5. Don't you dare take a kicker until the last round! You say it's obvious, but then, every draft I am in, I always see at least one person take a kicker before the last round.

Here are two numbers: 148, 125.

Let's put those numbers in context, shall we?

Kicker scoring, 2007:
Mason Crosby: 148 points
Phil Dawson: 125 points

Now, where did Crosby go in your draft last year? It's a trick question. He wasn't drafted. He sat on your league's waiver wire for a while.

Assuming you could have even predicted Crosby would be the No. 1 kicker, which you couldn't have, he is only 23 points higher than the 10th-place kicker (ostensibly, the guy you wind up with in a standard-size league).

Twenty-three points.

Over the course of a 16-game fantasy football season, that's less than two points a game. Two. And that's assuming you correctly predicted who the best kicker will be. Two points a game ain't that much when you're passing up other guys.

Bottom line? The only thing I hate more than kickers are people who draft them before the last round.

6. Practice makes perfect. Yeah, it seems like I am a company shill and I sort of am, but the fact remains, the more you do something, the better you get at it. My career notwithstanding. We have free mock draft lobbies open 24/7. Jump in and practice drafting. Try different things. See what happens when you grab a quarterback in the first round. Or a wide receiver. See who you wind up with if you go wide receiver, wide receiver with your first two picks. The more scenarios you face, the less fazed you'll be when something screwy happens in your real draft.

7. Don't listen to anyone else at the draft! First -- and this is the secret that we fantasy "experts" hold tightly to our chest -- nobody knows anything! That's a quote from William Goldman about Hollywood and the ability of anyone to predict a movie's success, and it's appropriate here as well.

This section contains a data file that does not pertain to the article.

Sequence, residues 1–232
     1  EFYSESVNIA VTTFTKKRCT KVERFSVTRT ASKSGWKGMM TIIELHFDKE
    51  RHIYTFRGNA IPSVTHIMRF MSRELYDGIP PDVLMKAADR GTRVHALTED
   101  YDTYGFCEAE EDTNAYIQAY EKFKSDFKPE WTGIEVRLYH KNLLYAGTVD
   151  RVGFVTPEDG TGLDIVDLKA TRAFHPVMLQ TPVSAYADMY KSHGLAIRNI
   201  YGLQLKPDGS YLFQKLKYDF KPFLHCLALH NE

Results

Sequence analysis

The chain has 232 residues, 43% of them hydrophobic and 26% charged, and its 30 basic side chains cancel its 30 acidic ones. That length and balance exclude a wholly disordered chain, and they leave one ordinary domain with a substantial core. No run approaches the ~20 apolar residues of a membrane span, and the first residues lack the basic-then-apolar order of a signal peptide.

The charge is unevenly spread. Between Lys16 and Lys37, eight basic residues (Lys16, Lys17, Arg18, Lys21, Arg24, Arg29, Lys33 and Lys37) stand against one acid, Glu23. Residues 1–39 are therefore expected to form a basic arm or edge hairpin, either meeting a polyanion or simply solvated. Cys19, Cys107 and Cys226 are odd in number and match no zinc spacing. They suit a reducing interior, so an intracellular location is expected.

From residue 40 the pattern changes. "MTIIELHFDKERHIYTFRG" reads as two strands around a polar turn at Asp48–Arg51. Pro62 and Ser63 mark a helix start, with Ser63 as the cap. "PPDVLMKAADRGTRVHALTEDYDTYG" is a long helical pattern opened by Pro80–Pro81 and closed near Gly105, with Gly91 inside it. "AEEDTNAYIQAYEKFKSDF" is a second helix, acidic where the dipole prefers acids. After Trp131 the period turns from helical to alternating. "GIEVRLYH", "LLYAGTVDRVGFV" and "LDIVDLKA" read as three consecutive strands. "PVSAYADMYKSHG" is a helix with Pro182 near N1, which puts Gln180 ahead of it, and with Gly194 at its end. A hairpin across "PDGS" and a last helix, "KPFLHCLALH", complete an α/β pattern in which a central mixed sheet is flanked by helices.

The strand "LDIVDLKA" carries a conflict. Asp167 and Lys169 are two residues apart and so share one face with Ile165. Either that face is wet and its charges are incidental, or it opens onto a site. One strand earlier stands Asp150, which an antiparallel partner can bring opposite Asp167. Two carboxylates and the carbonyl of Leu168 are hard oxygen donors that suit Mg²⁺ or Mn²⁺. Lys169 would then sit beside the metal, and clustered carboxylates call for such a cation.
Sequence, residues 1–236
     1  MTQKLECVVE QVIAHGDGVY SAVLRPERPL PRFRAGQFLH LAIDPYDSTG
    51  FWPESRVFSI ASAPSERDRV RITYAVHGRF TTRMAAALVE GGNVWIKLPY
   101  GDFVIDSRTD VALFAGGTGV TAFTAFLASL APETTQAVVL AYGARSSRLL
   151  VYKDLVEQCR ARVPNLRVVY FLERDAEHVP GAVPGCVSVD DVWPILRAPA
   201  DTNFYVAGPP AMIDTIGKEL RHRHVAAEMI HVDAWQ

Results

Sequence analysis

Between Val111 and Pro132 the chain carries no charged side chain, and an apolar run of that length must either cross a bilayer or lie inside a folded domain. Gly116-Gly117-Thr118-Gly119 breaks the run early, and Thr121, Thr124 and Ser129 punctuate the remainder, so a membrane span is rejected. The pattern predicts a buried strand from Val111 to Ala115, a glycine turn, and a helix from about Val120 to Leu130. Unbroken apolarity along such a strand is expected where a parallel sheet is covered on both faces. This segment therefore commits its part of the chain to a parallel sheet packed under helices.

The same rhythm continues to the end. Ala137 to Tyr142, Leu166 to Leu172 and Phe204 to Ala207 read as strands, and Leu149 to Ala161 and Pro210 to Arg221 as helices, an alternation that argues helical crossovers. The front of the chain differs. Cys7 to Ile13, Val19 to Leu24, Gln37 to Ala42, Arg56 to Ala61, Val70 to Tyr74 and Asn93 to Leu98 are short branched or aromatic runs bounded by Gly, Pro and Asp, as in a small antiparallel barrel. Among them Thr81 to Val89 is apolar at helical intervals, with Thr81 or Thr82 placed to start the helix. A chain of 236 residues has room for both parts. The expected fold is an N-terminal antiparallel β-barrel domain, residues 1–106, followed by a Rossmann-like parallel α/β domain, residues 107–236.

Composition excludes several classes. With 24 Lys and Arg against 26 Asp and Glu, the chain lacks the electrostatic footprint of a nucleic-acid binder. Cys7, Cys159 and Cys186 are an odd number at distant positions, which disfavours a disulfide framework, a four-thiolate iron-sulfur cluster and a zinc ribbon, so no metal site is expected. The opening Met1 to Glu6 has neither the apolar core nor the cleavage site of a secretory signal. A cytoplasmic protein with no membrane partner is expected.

Yes, we experts probably spend a lot more time looking at stats, trends, players and teams and the like than you do, but that's because you have a life. And we've probably been playing a bit longer. I've been playing fantasy sports since I was 14 (I'm into my 30s now). But again, that's because you have a life. So we probably have a more informed opinion. But that's all it is, an opinion. An educated guess. Emphasis on the word "guess."

So if I'm telling you experts aren't always right, other people in your league sure as hell aren't. If they mock your pick or sneer at your team ... who cares? Screw them. Don't let it rattle you! I often find the loudest guy at the draft is usually the stupidest. I've seen too many good drafts screwed up because someone listened to some loud jerk than trusted their own opinions.

Listen, you've done the research, you've played the game, heck, you've read this far. You're into it. And your opinion is as good -- if not better -- than anyone else's in that room.

8. Don't be shy! We're here to listen, to advise, to commiserate and to help here at ESPN.com. Again, stop by our chats and our message boards, e-mail our columnists. Send in questions to our daily Fantasy Focus podcast, videocast, or our upcoming Sunday Morning pre-kickoff show, Fantasy Football Now. It's a long season and we're gonna be there every step of the way with you.

Finally,

9. Have fun. Remember, we do this for leisure. We all (especially me) take it very seriously and play to win, but it's not worth ruining friendships over. Well, unless you've got a shot at the title. I mean, you can always get another friend …

Matthew Berry -- The Talented Mr. Roto -- is ESPN's senior director of fantasy. He was just as surprised as you to find out it's a real job. He is a Sports Emmy winner for his work on Fantasy Football Now and a multiple award winner from the Fantasy Sports Writers Association, including a Writer of the Year award. He is also the creator of RotoPass.com, a Web site that combines a bunch of well known fantasy sites, including ESPN Insider, for one low price. Use promo code ESPN for 10 percent off.

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• Senior Fantasy analyst for ESPN
• Member, FSWA and FSTA Halls of Fame
• Best-selling author of "Fantasy Life"